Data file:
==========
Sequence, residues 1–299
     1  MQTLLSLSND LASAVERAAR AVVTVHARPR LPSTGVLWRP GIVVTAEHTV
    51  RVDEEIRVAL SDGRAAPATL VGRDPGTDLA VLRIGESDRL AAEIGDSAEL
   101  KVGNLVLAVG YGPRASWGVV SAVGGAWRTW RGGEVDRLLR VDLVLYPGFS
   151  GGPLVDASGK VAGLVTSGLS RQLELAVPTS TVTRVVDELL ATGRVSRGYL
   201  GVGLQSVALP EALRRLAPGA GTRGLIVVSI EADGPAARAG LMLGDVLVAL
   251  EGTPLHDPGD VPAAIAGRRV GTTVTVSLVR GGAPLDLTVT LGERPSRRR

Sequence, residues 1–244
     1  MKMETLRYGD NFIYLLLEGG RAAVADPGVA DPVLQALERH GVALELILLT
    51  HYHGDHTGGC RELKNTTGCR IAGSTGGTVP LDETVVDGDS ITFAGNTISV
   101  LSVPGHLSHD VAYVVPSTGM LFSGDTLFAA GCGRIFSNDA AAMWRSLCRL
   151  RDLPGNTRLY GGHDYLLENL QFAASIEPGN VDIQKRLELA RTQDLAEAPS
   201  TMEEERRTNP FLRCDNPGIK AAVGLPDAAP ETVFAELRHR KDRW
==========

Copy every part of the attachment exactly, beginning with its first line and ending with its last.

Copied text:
Sequence, residues 1–299
     1  MQTLLSLSND LASAVERAAR AVVTVHARPR LPSTGVLWRP GIVVTAEHTV
    51  RVDEEIRVAL SDGRAAPATL VGRDPGTDLA VLRIGESDRL AAEIGDSAEL
   101  KVGNLVLAVG YGPRASWGVV SAVGGAWRTW RGGEVDRLLR VDLVLYPGFS
   151  GGPLVDASGK VAGLVTSGLS RQLELAVPTS TVTRVVDELL ATGRVSRGYL
   201  GVGLQSVALP EALRRLAPGA GTRGLIVVSI EADGPAARAG LMLGDVLVAL
   251  EGTPLHDPGD VPAAIAGRRV GTTVTVSLVR GGAPLDLTVT LGERPSRRR

Sequence, residues 1–244
     1  MKMETLRYGD NFIYLLLEGG RAAVADPGVA DPVLQALERH GVALELILLT
    51  HYHGDHTGGC RELKNTTGCR IAGSTGGTVP LDETVVDGDS ITFAGNTISV
   101  LSVPGHLSHD VAYVVPSTGM LFSGDTLFAA GCGRIFSNDA AAMWRSLCRL
   151  RDLPGNTRLY GGHDYLLENL QFAASIEPGN VDIQKRLELA RTQDLAEAPS
   201  TMEEERRTNP FLRCDNPGIK AAVGLPDAAP ETVFAELRHR KDRW